My Cultural Diet for September 2023: Bourne, Patlabor, Akira, Mad Max

A quick rundown of last month’s cultural experiences.
Akira - Katsuhiro Otomo
Kaneda’s locked and loaded in Katsuhiro Otomo’s landmark 1988 anime, Akira

In order to better track my various cultural experiences (e.g., movies, TV shows, books, restaurants), I’ve created the Cultural Diet. Think of it as my own personal Goodreads, Letterboxd, and Yelp, all rolled into one (more info here). Every month, I recap everything that I watched, read, etc., in the previous month.

  • Westmark by Lloyd Alexander (The Westmark Trilogy, Book One)

    Lloyd Alexander is best known for his Welsh-inspired high fantasy series, The Chronicles of Prydain (which I finally read last year and enjoyed). However, he wrote others novels set in historically influenced settings, including ancient India (The Iron Ring), ancient China (The Remarkable Journey of Prince Jen), and in the case of Westmark, the French Revolution. Its setting aside, Westmark includes themes that are common to Alexander’s stories, i.e., the protagonist is an idealistic young man who discovers that the world is a lot more complicated than he thought, and with the help of a cast of colorful characters, must fight evil while grappling with moral and ethical quandaries. This is far from weighty, preachy stuff, though. I read Westmark in just a few hours thanks to Alexander’s economical (though no less imaginative) writing and worldbuilding.

  • Mad Max: Fury Road

    My son calls Mad Max: Fury Road the craziest, weirdest movie he’s ever seen. Granted, he’s only 15, but he’s not necessarily wrong. Mad Max: Fury Road is completely over-the-top in almost every way possible, from the extremely dystopian setting to the outrageous characters to the jaw-dropping and immaculately choreographed action sequences. (Once again, I have to ask: How did nobody die during the making of this movie?) Also, I can’t get over how beautiful it all looks. The deeply saturated desert setting (most of the film was shot in Namibia’s Dorob National Park) is virtually a character itself, but even the countless explosions and car crashes are next-level eye candy that director George Miller injects directly into your brain’s visual cortex. That said, the film’s real trick is that, all mind-blowing visuals aside, its story still hits hard on a primal level, be it Max’s slow return to humanity, Furiosa’s determination, or Nux’s redemption. All in all, just a modern marvel of a film.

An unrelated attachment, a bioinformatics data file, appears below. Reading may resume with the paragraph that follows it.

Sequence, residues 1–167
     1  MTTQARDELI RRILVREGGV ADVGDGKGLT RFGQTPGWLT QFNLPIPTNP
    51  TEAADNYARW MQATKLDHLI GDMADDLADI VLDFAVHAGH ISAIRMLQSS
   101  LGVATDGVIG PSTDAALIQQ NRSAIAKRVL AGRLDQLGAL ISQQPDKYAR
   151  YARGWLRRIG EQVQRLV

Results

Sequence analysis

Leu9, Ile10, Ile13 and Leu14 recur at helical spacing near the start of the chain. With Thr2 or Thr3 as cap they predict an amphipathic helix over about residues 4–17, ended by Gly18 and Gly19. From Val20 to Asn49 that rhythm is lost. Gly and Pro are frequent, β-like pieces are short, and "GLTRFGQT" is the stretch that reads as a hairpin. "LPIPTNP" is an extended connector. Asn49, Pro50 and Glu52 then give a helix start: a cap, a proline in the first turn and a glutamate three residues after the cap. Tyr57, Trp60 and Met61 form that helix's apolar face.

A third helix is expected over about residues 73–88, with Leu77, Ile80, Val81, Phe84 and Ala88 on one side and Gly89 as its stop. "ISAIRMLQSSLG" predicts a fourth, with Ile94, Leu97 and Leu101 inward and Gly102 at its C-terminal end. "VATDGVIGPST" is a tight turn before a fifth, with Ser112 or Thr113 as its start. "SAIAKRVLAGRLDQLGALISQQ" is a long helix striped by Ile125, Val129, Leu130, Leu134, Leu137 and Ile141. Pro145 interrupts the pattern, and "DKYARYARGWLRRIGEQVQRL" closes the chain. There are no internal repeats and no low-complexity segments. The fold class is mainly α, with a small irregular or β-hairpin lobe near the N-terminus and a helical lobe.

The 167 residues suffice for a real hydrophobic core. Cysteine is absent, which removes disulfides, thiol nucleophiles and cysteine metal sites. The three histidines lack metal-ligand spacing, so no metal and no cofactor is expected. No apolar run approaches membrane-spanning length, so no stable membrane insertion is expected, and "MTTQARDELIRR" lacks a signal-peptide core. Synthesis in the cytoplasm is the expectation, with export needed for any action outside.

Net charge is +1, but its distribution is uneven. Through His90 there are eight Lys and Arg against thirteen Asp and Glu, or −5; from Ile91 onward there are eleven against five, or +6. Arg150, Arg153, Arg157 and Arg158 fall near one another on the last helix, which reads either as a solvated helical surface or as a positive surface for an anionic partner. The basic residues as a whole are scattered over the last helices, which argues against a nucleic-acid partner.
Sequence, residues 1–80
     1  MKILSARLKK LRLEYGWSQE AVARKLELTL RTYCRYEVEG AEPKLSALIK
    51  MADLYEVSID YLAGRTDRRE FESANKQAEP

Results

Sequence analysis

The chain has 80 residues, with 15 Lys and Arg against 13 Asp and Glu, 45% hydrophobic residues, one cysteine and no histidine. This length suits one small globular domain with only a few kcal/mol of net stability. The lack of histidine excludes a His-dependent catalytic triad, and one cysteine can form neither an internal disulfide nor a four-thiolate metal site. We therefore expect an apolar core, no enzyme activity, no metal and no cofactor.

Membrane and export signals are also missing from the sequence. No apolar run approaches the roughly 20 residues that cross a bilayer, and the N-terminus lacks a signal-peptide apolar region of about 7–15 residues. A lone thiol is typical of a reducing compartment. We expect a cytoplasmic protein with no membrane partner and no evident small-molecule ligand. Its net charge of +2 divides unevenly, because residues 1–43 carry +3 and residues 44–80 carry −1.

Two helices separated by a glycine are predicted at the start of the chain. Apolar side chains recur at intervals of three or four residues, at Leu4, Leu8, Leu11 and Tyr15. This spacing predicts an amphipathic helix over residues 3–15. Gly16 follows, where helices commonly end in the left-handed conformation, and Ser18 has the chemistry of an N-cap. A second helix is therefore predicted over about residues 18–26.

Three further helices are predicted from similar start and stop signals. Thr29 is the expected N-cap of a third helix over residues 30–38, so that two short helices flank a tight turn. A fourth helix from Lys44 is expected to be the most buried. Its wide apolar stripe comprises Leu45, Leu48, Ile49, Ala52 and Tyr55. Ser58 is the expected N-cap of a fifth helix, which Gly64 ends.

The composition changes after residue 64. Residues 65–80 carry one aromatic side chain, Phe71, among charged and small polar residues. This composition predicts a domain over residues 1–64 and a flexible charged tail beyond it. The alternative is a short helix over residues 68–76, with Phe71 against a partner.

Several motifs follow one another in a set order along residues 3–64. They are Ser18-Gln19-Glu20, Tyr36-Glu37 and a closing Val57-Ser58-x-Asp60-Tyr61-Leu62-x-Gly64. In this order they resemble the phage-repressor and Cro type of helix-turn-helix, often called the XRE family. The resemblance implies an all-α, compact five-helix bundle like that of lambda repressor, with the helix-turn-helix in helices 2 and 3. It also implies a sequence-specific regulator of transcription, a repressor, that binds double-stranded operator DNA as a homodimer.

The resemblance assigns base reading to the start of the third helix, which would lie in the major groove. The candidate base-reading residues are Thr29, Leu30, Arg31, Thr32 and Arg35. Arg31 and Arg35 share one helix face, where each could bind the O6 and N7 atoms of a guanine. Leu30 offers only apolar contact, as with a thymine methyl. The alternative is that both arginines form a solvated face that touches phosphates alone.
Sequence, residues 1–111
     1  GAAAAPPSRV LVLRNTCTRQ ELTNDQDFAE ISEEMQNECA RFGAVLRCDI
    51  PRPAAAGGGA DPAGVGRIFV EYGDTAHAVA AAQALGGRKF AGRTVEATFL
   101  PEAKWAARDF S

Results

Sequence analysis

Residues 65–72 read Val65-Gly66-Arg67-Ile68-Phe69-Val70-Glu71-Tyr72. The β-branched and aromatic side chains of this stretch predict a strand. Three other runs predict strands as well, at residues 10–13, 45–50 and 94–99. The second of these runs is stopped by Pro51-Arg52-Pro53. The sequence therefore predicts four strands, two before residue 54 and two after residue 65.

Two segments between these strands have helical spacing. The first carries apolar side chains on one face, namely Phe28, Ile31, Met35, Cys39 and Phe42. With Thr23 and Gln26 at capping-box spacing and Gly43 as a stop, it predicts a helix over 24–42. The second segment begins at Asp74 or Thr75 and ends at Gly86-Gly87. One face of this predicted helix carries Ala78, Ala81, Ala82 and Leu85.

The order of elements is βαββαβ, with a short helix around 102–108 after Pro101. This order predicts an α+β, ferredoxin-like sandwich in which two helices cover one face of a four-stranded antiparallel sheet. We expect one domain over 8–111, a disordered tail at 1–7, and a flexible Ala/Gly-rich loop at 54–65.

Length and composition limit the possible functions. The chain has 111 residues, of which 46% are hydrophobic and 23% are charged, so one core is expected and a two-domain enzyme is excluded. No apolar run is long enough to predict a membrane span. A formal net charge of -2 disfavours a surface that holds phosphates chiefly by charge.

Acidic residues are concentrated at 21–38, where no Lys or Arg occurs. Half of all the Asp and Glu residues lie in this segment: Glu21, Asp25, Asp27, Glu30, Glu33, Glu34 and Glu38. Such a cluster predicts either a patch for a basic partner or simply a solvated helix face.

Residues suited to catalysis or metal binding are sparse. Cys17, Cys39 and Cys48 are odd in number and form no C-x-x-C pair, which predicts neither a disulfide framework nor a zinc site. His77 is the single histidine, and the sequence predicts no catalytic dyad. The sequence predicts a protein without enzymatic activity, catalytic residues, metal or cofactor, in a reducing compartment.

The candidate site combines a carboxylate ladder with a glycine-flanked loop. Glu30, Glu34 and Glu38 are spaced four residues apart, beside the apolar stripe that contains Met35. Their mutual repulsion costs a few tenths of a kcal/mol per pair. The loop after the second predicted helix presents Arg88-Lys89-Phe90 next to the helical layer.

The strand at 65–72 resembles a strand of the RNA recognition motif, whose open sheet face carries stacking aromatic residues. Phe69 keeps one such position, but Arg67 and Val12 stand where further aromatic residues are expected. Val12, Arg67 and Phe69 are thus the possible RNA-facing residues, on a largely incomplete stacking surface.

• Malcolm Kid and the Perfect Song by Austin Paramore and Sarah Bollinger

    I checked out Malcolm Kid and the Perfect Song from the library on a whim, and I’m glad I did. Austin Paramore’s debut graphic novel is the charming story of Malcolm Kid, an aspiring young musician who suddenly finds himself in possession of a keyboard that’s haunted by the spirit of an old jazz pianist. The only way to set the spirit free is to find and play… wait for it… the perfect song. However, that will require Malcolm to reconnect with an old friend, explore his town’s history, stand up to his demanding father, and confront some family tragedies. Oh, and deal with a Mephistopheles-like character who takes a great interest in Malcolm’s burgeoning talent. Paramore packs a lot into his story and does a fine job of balancing it all. Meanwhile, Sarah Bollinger’s delightful artwork keeps things light with some manga-like flourishes, but never at the expense of the story’s drama and emotion.

  • My Happy Marriage

    If you were to ask me why I started watching this Netflix anime about a young woman who suddenly finds herself betrothed to a seemingly ruthless man she’s never met, I’m not sure I could give you an answer. (The algorithm works in mysterious ways, I guess.) Given the premise, there’s loads of melodrama as our young heroine — who arguably possesses one of the breathiest and most forlorn voices in all of anime — moves from an abusive household to one that holds the promise of something more. Naturally, romantic triangles and dramatic misunderstandings ensue. The series’ exploration of abuse and trauma adds an interesting wrinkle as does the incorporation of supernatural elements and alternate Japanese history. In the end, however, My Happy Marriage can’t quite integrate all of these elements; it can’t seem to make up its mind what it wants to be. A second season was recently greenlit, which I might check out to see if the storytelling gets any stronger.

  • Akira